What time is it on the Moon? ๐Ÿ•ฐ๏ธ


A new era of lunar exploration is on the rise, with dozens of Moon missions planned for the coming decade. As these missions will be operating on and around the Moon and needing to communicate together and fix their positions independently from Earth, this new era will require its own time.

Accordingly, space organisations have started considering how to keep time on the Moon. Having begun with a meeting at our technology centre in the Netherlands on November 2023, the discussion is part of a larger effort to agree a common โ€˜LunaNetโ€™ architecture covering lunar communication and navigation services.

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  1. That clocks run faster on the moon and at different speeds depending on location seems like a problem that can be corrected for, and should happen regardless of which time system you implement on the moon. You're probably going to have some communication/navigation satellite constellation around the moon that can provide time and location, just like GPS does on Earth.

    You could have a time system based on the lunar day, which is 29.5 Earth days, but since it makes no sense to divide this in to 24 hours, or any other arbitrary number, you might as well use a metric time system. I don't see how a time system based on the lunar day would be useful for humans. On the ISS you have 16 day/night cycles per day, and it still uses UTC.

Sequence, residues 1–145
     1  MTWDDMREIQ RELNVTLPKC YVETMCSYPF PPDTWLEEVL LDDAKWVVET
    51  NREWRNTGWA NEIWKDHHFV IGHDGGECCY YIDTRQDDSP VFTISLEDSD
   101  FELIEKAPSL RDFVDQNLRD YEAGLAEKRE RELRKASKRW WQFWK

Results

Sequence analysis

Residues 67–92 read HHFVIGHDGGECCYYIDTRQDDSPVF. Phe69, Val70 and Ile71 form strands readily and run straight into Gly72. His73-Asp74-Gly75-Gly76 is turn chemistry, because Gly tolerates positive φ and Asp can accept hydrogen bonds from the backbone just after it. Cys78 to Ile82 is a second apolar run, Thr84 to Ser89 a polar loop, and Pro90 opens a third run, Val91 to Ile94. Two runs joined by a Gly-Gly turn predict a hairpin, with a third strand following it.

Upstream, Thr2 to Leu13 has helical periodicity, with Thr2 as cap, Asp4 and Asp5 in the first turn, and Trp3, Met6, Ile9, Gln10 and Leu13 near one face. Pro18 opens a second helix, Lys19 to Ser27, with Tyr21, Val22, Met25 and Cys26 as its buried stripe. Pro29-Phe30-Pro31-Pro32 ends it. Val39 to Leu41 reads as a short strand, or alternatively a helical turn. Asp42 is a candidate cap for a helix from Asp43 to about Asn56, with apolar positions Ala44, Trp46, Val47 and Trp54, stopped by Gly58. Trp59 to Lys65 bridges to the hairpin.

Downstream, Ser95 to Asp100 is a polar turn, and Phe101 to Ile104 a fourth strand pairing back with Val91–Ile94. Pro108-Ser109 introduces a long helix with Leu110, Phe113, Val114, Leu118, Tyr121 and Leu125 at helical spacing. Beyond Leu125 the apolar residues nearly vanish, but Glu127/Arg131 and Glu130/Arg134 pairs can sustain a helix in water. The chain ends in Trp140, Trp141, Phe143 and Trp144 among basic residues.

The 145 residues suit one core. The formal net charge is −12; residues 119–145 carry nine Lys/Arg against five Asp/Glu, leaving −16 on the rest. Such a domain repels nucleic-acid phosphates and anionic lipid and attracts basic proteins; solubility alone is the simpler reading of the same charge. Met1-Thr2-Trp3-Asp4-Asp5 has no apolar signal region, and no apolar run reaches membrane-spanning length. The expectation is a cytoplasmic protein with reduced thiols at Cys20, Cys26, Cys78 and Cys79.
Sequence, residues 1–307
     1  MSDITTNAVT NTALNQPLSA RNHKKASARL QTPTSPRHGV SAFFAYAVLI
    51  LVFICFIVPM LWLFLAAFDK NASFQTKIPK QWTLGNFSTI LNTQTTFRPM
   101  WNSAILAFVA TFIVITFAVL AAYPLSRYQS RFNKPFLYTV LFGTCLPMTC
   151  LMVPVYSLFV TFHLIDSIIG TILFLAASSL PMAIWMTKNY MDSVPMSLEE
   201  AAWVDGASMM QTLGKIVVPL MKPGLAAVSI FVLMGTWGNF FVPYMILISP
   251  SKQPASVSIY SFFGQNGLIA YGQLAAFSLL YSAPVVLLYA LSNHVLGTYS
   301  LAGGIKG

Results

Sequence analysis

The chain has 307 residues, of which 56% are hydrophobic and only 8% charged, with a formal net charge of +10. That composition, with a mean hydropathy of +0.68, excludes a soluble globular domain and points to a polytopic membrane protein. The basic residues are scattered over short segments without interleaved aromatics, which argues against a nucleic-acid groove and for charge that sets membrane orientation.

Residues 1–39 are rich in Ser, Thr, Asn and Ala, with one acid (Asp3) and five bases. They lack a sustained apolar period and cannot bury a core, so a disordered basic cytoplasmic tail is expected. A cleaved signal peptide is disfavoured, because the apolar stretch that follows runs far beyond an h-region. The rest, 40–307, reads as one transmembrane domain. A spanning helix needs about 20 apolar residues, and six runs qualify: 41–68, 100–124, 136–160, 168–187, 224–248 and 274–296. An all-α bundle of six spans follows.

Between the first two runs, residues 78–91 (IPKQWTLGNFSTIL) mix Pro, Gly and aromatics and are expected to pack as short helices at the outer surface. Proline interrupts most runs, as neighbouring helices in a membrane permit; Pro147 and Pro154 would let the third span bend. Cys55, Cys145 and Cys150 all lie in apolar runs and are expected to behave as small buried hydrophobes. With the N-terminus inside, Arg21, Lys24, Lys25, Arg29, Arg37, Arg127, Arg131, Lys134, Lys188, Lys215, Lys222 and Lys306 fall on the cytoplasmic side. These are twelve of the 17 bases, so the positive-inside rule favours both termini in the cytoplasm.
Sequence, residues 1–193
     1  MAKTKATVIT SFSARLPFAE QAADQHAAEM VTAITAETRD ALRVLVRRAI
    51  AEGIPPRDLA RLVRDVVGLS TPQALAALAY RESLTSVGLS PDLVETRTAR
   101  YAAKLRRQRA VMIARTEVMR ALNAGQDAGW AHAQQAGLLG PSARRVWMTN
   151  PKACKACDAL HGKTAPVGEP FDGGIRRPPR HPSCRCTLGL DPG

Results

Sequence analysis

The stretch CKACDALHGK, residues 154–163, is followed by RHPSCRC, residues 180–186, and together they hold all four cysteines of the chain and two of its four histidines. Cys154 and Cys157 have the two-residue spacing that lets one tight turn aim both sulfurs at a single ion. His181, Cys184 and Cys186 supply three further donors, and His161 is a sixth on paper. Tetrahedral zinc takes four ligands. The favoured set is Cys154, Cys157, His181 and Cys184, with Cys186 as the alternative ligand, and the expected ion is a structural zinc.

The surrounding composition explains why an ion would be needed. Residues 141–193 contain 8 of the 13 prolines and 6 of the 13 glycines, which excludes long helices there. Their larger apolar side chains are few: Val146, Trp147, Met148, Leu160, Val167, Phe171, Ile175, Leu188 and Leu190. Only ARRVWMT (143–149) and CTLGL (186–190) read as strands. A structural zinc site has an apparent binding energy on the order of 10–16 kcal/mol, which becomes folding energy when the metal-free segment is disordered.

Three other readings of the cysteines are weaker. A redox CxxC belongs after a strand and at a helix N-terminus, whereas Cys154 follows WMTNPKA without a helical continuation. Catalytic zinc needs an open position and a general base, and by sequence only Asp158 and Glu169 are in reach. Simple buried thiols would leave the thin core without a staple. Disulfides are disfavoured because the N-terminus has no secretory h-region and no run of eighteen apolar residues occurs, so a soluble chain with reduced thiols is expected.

For humans using UTC on the moon is probably the easiest, because you still want to work and sleep in a 24 Earth hour cycle, and it also makes it the easiest to coordinate with mission control on Earth. And if you use it for human missions, you might as well use UTC for all lunar missions, and use it as the official time system for the moon.

  2. There is such a thing as 'time keeping' on Mars and it involves a calendar that has something like 16 or so months, and Mars has about 25 hours in a day (known as a sol) and a Martian year is about 2 Earth years roughly. You on this clip are talking about applying Earth's time-zones on the Moon, which would probably be UTC; which is good for communication with Earth and synchronization etc…. but you could also have Lunar time, where a lunar month is one sol (a lunar day) which would make a lunar day about 29 Earth days long; and this would be very difficult to separate in units like hours and minutes or seconds; and lunar months would not even be possible as then you cannot have years unless they relate to Earth's orbit around the sun. It can get very weird, but fun-weird!

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